In 1958 dad bought and installed the first Lobster Tank ever displayed in Atlanta. It contained 100 gallons of saltwater with a filtering system underneath. The salt water was checked daily for salinity. Lobsters were flown in packed 30 per box from vendors in Boston. Pricing was done by weight in three categories 1 1/4 lbs., 1 1/2, and over 2, and the lobsters were tagged in different colors. Patrons would select their own, or, if they were squeamish and choose not to, we would select for them.
There were promotions during which we would sell two for price of one. I wasn’t working there at the time, but was later told that we would boil or broil 150 lobsters on one of those evenings. Johnny Dunn, the chef, told me he had nightmares about lobsters. They make that little squeaky noise when you drop them in the boiling water, and if they’re broiled the chef has to chop them in half while still they’re still alive. The lobster tank was in the front window, this before another remodel in 1963. Nose-prints on the window were plentiful from folks wanting to get a closer look from the sidewalk, so we had to clean the window every morning.
The offices were in the back dining room, next to a small room with four booths (favored seats and always full). My grandmother, Amalia, was the bookkeeper up until shortly before she passed in 1968, aged 72. She taught me how to sort and set checks, a tiresome task, and then, the most tedious of all tasks prior to electronic system, audit the checks for accuracy. The penmanship was atrocious, and one had to make sure all the checks that each waitress had been given were present; that all items written were included and priced properly; and that the check was accurately totaled. As stated, this tedious process has been replaced in most modern restaurants with point of sale systems that do all of that work for you. All you have to do then is count the money when the cashiers or wait people check out.
The waitresses at Herren’s made good money, and we had some real pros. When Blanch Matthews was laid to rest around 1985 she had been working at Herren’s more than thirty years, and had served lunch the week before she passed. Many of our customers would wait long periods of time for a table on her station, and gave her lavish Christmas presents. Of course, Mama Blanch took good care of them, and made a fuss over their children as well.
Edna Neely, a beautiful red head, and perhaps the best waitress I ever knew, worked a shift no-one else wanted which included the after lunch hours. So, she worked through lunch and left around 4 in the afternoon. I know that she was there at least twenty years before a smart contractor swept her away to parts unknown as his wife. She was the master of the up-sell. “Now you know a piece of our delicious apple pie with vanilla ice cream would be be great”. She had the highest check average of any waitress at the time for lunch.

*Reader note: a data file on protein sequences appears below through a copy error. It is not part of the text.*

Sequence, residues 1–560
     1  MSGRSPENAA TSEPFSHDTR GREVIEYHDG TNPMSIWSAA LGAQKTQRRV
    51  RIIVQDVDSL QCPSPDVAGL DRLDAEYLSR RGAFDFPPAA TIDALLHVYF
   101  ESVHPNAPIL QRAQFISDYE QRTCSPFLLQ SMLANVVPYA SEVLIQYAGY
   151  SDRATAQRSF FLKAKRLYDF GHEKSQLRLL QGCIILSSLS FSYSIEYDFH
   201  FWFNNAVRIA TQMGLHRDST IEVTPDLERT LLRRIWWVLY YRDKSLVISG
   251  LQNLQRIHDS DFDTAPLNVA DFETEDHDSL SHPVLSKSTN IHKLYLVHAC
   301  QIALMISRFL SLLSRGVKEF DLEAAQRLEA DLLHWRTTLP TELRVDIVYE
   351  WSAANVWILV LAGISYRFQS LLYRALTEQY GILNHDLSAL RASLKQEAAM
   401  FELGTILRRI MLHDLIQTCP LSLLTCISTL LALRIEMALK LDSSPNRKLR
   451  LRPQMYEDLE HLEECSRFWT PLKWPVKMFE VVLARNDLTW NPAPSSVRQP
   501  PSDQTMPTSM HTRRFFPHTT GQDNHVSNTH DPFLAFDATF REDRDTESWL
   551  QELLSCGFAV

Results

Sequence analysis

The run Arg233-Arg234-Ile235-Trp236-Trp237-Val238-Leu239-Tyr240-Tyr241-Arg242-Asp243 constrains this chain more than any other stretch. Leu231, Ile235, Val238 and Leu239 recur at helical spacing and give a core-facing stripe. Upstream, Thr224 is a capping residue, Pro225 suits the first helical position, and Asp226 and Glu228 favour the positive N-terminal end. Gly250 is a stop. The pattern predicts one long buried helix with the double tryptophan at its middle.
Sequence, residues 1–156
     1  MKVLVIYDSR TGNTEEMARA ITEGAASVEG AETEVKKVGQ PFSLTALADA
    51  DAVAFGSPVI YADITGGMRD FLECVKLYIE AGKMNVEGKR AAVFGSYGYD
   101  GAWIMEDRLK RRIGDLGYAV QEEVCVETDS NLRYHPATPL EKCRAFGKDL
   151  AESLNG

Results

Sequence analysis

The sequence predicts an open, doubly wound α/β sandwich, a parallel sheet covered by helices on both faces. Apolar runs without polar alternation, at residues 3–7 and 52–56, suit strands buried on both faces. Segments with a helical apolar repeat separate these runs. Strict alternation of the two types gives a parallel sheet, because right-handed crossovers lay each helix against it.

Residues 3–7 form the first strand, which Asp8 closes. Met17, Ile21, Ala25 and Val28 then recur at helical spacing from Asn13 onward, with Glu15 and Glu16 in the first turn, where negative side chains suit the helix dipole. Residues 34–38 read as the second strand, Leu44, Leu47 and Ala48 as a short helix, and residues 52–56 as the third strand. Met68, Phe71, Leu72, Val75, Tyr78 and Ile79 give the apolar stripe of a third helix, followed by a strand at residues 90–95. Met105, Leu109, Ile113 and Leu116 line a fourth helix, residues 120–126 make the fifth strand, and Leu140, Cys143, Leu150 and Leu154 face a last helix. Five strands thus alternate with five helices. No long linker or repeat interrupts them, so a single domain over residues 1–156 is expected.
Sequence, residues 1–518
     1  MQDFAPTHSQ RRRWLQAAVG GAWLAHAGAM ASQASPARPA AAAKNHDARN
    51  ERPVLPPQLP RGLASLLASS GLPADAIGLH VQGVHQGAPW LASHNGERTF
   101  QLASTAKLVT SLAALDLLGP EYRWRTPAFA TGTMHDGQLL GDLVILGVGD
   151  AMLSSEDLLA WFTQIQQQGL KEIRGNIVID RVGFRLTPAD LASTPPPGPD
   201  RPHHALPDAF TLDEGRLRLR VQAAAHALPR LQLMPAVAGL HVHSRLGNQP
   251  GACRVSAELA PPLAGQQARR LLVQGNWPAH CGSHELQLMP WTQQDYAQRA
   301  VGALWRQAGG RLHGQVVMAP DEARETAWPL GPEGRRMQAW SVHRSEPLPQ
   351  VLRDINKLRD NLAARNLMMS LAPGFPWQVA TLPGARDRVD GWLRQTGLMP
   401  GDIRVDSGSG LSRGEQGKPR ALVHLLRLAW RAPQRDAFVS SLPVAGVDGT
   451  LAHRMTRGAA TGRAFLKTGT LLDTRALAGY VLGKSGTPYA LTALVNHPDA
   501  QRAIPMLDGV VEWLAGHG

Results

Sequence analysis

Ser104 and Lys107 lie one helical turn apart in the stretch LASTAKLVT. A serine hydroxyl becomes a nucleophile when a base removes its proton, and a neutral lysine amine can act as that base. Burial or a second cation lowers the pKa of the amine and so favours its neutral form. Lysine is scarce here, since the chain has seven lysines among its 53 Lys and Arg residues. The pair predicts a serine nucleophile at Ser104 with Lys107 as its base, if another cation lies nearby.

Then there was Blanch Latham (sorry, no picture available) who worked the downstairs dining room after the ’63 model. It was said you better sit down chewing if you were seated on her station. She was an infamous order thief. If it was up in the window in the kitchen and she had an order for it, she had no qualms about taking it, whether it was hers or someone else’s. She had a lot of call parties comprised of young office workers that didn’t have long lunches. To be sure, there were others who played the same game, but generally there was nothing said.
1963, the year I joined the Navy, was a truly momentous year at Herren’s. Dad had put everything on the line for a major remodel. After all, the lines were always out the door waiting for lunch, and occasionally, the same at diner. Time to expand. So, without closing even one day, over a six month period the restaurant morphed into 150 seats upstairs, and another 150 downstairs, doubling the seating capacity.
There was a grand stairwell added in front of the now famous lobster tank window, and the tank was moved inside the lobby. The rest rooms, which had been upstairs, were moved downstairs off of the downstairs lobby. The offices were moved upstairs to a mezzanine above the main floor, and all of the space where the office and the booths had been was added to the back dining room. The entrance to the kitchen, along with a service bar, liquor storage and a dumb waiter for serving drinks to downstairs replaced the area where the restrooms had been. Downstairs was completely restructured, and now had a real dining room of 150 seats.
The now famous lobster tank was moved to the lobby inside since the new stairwell was now in front of the window facing the street. No more nose prints.
A couple of years after the remodel, well known Atlanta artist Lonnie Leonard and his wife Shirley were hired to run an art gallery downstairs. h on Every other month fifteen to twenty artists would converge on Herren’s, submitting two or three pieces of art a piece, and picking up the art that had not sold (most of it). The artists who are most memorable to me are Lonnie Leonard, Forest Jacobs, Dale and Mamie Rayburn, Coral Paul, Helen Schneeberger and Finley Rupertsburg. We were able to exhibit some really beautiful art, and they all got the exposure, and even sold a few paintings now and then.